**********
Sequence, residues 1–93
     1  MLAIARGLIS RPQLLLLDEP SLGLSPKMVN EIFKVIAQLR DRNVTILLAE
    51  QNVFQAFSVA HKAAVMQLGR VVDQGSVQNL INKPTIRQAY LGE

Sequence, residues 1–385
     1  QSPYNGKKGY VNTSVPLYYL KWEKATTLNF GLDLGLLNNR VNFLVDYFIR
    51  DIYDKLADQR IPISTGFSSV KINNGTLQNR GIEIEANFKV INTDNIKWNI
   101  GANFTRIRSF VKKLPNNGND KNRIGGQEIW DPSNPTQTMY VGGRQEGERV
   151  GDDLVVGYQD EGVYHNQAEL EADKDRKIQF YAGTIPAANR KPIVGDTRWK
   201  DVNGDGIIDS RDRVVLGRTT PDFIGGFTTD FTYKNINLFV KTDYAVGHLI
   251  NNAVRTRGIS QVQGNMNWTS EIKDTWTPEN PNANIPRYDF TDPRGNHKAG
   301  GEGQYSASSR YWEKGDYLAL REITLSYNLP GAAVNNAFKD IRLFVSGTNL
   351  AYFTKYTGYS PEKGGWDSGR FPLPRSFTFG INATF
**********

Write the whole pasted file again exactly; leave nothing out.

Sequence, residues 1–93
     1  MLAIARGLIS RPQLLLLDEP SLGLSPKMVN EIFKVIAQLR DRNVTILLAE
    51  QNVFQAFSVA HKAAVMQLGR VVDQGSVQNL INKPTIRQAY LGE

Sequence, residues 1–385
     1  QSPYNGKKGY VNTSVPLYYL KWEKATTLNF GLDLGLLNNR VNFLVDYFIR
    51  DIYDKLADQR IPISTGFSSV KINNGTLQNR GIEIEANFKV INTDNIKWNI
   101  GANFTRIRSF VKKLPNNGND KNRIGGQEIW DPSNPTQTMY VGGRQEGERV
   151  GDDLVVGYQD EGVYHNQAEL EADKDRKIQF YAGTIPAANR KPIVGDTRWK
   201  DVNGDGIIDS RDRVVLGRTT PDFIGGFTTD FTYKNINLFV KTDYAVGHLI
   251  NNAVRTRGIS QVQGNMNWTS EIKDTWTPEN PNANIPRYDF TDPRGNHKAG
   301  GEGQYSASSR YWEKGDYLAL REITLSYNLP GAAVNNAFKD IRLFVSGTNL
   351  AYFTKYTGYS PEKGGWDSGR FPLPRSFTFG INATF